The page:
• For ELLs: Clarify the meaning of the word prefer by connecting it to their prior vocabulary knowledge, such as “favorite” or “best of all.” (MMR)
  • For ELLs: As you make the list on chart paper or a whiteboard, consider pasting cut-out pictures of the toys in addition to text to provide varied formats of representation. (MMR)
  • For ELLs: Point out that the same action words (verbs) are used on each pair of pages, but the tenses are different. Prompt students to notice that some of the verbs have an -ed at the end and some sound different. Briefly review the meaning of each verb: like to, play, move, be made of, watch, listen, have fun.

Closing & Assessments

ClosingMeeting Students' Needs

A. Reflecting on Learning (5 minutes)

  • Remind students that they participated in two activities today that taught them more about toys from long ago: playing the guessing game and listening to Playing with Friends.
  • Direct students’ attention to the posted Ways We Ask Others Questions anchor chart and review it briefly.
  • Tell students they are going to turn and talk about a question from earlier in the lesson. Model briefly, what this turn and talk should look like with a student volunteer:

1. Assign yourself as partner A and the student volunteer as partner B.

2. Ask the student volunteer:

“Which toy from long ago would you prefer to play with?”

3. Listen as the student volunteer shares an answer. If needed, guide the student to name a toy from the photos of toys from long ago or from Playing with Friends.

4. Invite the student volunteer to ask you the same question.

5. Model a response. (Example: “I would prefer to play with marbles.”)

  • For additional modeling, invite two students to Fishbowl the interaction.
  • Tell students that it is their turn to ask a partner the same question.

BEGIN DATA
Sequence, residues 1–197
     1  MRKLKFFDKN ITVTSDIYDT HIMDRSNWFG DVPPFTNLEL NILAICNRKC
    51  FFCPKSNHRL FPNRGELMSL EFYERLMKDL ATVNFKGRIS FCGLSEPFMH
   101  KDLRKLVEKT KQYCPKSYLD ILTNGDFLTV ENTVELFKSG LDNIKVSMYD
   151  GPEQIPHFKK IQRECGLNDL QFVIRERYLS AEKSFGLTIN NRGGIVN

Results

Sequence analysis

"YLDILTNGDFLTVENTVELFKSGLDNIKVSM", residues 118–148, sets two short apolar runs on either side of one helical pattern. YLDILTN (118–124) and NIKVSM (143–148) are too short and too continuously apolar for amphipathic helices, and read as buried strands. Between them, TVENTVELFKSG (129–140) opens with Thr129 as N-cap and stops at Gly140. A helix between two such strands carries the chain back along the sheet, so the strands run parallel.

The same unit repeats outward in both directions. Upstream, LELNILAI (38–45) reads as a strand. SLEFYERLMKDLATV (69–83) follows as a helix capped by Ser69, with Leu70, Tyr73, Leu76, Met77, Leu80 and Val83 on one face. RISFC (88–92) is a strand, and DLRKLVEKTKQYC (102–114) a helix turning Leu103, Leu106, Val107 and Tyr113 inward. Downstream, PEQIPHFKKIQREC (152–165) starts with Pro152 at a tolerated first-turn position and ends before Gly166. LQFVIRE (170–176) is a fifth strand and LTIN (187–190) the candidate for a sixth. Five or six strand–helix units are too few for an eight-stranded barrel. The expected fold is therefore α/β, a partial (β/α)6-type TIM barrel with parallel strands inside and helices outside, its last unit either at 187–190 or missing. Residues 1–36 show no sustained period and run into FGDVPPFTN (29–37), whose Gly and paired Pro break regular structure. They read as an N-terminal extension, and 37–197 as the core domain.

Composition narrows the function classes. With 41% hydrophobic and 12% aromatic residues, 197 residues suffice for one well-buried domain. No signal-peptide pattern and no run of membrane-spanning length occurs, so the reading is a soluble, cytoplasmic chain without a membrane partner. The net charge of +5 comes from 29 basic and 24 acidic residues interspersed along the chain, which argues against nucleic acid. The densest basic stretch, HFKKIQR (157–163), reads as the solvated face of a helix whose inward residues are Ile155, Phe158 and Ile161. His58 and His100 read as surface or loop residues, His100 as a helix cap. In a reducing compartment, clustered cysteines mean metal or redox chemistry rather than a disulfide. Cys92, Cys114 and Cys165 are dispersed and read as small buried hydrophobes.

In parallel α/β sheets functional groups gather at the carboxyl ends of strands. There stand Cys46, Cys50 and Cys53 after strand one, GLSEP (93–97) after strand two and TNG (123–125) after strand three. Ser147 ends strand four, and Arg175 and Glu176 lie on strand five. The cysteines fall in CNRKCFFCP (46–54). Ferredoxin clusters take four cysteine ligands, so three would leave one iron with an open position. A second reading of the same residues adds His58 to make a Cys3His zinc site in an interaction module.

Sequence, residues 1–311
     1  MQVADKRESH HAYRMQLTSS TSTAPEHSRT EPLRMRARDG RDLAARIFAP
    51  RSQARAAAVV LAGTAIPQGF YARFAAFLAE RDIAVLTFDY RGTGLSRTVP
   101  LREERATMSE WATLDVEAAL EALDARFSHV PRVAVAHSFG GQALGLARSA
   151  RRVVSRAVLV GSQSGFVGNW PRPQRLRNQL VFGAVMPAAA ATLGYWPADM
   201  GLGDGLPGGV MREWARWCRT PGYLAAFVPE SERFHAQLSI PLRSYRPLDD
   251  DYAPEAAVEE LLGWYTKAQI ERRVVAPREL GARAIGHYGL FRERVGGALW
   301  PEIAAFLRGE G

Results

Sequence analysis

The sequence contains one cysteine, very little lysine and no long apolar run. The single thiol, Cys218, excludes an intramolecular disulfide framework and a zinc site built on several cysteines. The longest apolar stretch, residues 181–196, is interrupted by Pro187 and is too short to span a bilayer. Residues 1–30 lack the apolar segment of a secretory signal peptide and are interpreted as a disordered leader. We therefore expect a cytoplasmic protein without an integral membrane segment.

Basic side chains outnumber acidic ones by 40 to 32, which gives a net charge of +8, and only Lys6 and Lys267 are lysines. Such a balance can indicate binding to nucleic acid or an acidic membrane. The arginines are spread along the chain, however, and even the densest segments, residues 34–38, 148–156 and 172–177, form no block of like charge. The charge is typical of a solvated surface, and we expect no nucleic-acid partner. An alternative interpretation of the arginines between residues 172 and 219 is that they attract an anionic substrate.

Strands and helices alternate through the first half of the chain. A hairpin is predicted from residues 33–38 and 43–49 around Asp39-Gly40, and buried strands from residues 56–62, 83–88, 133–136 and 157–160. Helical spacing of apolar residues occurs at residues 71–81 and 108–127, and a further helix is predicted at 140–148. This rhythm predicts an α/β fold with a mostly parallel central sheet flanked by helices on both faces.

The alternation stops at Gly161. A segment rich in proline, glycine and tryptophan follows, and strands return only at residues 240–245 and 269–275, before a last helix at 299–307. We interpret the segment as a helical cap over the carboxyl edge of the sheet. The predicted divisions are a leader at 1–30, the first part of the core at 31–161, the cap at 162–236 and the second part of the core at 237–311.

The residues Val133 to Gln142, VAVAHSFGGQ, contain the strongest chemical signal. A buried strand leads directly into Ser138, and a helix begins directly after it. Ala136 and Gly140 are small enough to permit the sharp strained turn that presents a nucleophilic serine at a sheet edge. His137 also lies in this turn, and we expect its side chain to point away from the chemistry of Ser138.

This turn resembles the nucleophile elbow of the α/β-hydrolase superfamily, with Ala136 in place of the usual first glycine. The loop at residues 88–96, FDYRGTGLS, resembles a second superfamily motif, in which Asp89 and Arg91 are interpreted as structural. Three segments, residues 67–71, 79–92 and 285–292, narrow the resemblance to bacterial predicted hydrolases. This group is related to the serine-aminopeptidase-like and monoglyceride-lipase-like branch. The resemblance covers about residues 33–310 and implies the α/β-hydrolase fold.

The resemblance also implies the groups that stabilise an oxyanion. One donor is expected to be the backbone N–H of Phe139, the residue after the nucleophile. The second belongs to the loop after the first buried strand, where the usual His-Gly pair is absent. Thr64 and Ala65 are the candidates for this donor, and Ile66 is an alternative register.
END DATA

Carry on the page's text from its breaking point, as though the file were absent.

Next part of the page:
• Referring to the Conversation Partner chart, invite students to pair up with their predetermined talking partner and sit facing each other. Make sure students know which partner is A and which is B.
  • Invite students to turn and talk with their partner:

“Which toy from long ago would you prefer to play with?” (Responses will vary.)

  • As students share, circulate and listen in. Notice whether they are able to ask the question and listen to their partner’s response.
  • If productive, use a Goal 2, Conversation Cue to encourage students to listen carefully:

“Who can repeat what your classmate said?” (Responses will vary.)

  • Refocus whole group. Give students specific, positive feedback on asking questions to learn more. (Example: “I noticed you listened carefully as your partners shared their responses.”)
  • Before beginning the conversation, supply background knowledge by having students answer a question anchored in their own life experience to help them grasp the meaning of prefer. Ask a question such as: “Do you prefer pizza or hot dogs?” Ensure that the question is culturally relevant to your classroom demographics. (MME)
  • Minimize potential distractions by asking students to physically indicate whether they are an A or a B (e.g., raising hand, giving a thumbs-up, etc.). This way, students get an extra reminder, so that they can focus on the conversation when they engage with their partner. (MME)
  • Minimize potential threats to students by emphasizing that there are no right or wrong responses in this activity. Instead, students just need to be able to explain why they prefer one toy over the other. Promote an accepting and supportive classroom climate by explaining that some students might disagree on which toy they prefer, and that is okay. (MME, MMAE)
  • For ELLs: To vary the methods of response, provide alternatives means for conveying student responses, such as pointing to the type of toy they prefer or writing/drawing it on a piece of paper. (MMAE)

Assessment

Each unit in the K-2 Language Arts Curriculum has one standards-based assessment built in. The module concludes with a performance task at the end of Unit 3 to synthesize their understanding of what they accomplished through supported, standards-based writing.